User Visitor Login
/images/graph_sv_i.gif
English only
EPFL > FSV > BBP > Channelpedia
Ion channels
References
Reports
SEARCH IN WIKI
Logged in as a Visitor.

Common Variants in Cardiac Ion Channel Genes Are Associated with Sudden Cardiac Death.

Christine M Albert, Calum A MacRae, Daniel I Chasman, Martin Vandenburgh, Julie E Buring, Joann E Manson, Nancy R Cook, Christopher H Newton-Cheh

, 2010 Apr 17 , ,

BACKGROUND: -Rare variants in cardiac ion channel genes are associated with sudden cardiac death (SCD) in rare primary arrhythmic syndromes; however, it is unknown whether common variation in these same genes may contribute to SCD risk at the population level. METHODS AND RESULTS: -We examined the association between 147 single nucleotide polymorphisms (SNPs) (137 tag, 5 non-coding SNPs associated with QT interval duration and 5 nonsynonymous SNPs) in 5 cardiac ion channel genes, KCNQ1, KCNH2, SCN5A, KCNE1 and KCNE2 and sudden and/or arrhythmic death in a combined nested case-control analysis among 516 cases and 1522 matched controls of European ancestry enrolled in six prospective cohort studies. After accounting for multiple testing, two SNPs (rs2283222 located in intron 11 in KCNQ1 and rs11720524 located in intron 1 in SCN5A) remained significantly associated with sudden/arrhythmic death (FDR = 0.01 and 0.03 respectively). Each increasing copy of the major T allele of rs2283222 or the major C allele of rs1172052 was associated with an OR = 1.36 (95% CI 1.16-1.60, P=0.0002) and 1.30 (95% CI 1.12-1.51, P=0.0005) respectively. Control for cardiovascular risk factors and/or limiting the analysis to definite SCDs did not significantly alter these relationships. CONCLUSIONS: -In this combined analysis of 6 prospective cohort studies, two common intronic variants in KCNQ1 and SCN5A were associated with SCD in individuals of European ancestry. Further study in other populations and investigation into the functional abnormalities associated with non-coding variation in these genes may lead to important insights into predisposition to lethal arrhythmias.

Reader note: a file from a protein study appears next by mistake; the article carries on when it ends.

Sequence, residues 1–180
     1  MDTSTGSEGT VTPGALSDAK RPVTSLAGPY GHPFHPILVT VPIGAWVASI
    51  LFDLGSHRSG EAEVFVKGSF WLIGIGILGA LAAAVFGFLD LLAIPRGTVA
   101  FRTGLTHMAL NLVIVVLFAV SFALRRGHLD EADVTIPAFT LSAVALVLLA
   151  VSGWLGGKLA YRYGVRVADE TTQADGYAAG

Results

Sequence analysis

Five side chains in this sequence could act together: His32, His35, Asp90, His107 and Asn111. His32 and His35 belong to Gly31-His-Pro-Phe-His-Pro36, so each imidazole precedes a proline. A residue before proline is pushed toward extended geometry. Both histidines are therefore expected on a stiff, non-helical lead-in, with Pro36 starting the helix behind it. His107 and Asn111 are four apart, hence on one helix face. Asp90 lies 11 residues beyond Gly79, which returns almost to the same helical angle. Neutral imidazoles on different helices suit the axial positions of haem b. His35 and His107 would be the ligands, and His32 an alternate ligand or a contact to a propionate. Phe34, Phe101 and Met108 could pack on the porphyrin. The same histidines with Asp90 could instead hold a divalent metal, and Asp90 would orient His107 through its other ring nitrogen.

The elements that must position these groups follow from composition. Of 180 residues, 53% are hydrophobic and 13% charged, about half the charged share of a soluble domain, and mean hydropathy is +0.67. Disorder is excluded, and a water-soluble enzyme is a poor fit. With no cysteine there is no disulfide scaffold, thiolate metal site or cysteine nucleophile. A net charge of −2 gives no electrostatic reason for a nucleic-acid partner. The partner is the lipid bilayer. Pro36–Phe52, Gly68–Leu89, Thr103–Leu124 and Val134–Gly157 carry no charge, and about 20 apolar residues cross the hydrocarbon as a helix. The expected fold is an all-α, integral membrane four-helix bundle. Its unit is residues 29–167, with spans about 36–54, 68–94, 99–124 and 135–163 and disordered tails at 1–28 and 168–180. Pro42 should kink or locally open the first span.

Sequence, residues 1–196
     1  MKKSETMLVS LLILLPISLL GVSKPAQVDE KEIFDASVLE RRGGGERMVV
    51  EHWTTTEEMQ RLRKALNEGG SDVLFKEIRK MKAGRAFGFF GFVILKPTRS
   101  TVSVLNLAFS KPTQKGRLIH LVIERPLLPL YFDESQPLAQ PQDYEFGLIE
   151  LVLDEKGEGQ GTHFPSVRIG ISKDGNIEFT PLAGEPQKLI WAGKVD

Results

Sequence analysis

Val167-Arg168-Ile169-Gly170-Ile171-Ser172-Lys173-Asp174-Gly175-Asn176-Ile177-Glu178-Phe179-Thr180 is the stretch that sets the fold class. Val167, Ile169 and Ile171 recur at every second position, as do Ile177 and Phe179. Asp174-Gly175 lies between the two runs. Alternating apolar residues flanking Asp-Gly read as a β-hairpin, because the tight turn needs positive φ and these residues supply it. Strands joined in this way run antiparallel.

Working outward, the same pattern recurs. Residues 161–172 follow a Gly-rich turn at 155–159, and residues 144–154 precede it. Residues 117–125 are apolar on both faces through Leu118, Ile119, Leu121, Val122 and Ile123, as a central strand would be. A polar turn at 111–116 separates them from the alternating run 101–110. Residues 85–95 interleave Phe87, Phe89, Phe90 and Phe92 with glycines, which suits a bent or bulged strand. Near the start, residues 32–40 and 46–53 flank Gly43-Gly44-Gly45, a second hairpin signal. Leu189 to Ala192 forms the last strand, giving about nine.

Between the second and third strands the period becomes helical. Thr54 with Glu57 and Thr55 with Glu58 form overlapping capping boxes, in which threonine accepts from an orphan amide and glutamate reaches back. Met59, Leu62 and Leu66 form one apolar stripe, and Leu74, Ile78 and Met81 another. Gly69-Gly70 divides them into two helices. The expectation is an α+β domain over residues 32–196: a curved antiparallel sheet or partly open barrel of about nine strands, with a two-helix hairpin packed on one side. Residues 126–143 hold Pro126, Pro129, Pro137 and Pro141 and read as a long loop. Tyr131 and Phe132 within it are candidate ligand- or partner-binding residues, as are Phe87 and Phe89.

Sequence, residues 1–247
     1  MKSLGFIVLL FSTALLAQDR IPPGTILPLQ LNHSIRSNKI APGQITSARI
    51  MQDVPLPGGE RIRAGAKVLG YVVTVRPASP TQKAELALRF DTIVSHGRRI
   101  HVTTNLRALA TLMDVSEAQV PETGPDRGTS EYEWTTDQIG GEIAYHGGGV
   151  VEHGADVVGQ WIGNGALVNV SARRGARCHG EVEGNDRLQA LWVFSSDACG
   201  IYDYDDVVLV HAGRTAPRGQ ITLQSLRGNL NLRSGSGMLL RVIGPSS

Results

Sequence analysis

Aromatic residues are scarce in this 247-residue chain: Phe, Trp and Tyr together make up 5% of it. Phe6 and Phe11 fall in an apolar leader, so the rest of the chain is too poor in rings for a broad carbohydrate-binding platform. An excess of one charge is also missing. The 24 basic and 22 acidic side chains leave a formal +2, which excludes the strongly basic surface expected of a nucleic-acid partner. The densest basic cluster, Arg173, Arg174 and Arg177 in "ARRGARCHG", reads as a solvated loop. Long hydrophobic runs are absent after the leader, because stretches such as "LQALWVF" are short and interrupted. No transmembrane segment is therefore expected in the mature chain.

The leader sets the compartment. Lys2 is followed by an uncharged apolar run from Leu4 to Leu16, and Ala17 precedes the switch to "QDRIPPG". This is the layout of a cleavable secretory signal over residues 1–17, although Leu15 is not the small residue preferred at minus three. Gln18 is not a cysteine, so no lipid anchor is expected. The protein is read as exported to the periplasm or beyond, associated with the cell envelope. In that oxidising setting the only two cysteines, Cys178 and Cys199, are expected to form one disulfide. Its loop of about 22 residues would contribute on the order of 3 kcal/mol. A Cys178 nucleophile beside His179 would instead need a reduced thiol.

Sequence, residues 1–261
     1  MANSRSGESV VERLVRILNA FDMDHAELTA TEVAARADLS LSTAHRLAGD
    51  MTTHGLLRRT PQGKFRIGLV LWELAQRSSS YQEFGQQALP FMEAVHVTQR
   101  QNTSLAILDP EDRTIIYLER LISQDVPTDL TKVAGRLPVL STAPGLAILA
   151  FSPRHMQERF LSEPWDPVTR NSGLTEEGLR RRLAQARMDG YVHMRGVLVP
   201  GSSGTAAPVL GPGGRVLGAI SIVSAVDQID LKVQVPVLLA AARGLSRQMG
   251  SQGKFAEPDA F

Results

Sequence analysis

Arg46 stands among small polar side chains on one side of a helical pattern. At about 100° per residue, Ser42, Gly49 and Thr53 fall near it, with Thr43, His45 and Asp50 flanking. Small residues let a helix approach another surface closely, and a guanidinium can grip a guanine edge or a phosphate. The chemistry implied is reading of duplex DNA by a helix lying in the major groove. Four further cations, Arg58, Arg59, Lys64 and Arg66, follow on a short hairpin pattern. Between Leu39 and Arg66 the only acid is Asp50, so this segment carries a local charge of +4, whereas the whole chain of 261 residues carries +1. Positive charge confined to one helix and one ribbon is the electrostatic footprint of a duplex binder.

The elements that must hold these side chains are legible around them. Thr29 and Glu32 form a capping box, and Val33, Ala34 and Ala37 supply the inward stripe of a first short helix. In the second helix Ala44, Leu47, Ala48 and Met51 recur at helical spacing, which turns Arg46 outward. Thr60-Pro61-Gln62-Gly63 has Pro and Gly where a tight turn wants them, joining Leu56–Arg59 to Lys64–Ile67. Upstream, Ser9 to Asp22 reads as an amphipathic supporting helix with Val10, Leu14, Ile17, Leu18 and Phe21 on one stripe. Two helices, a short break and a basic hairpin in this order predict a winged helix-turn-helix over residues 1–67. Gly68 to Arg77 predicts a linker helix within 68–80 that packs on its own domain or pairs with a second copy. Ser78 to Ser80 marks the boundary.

http://www.ncbi.nlm.nih.gov/pubmed/20400777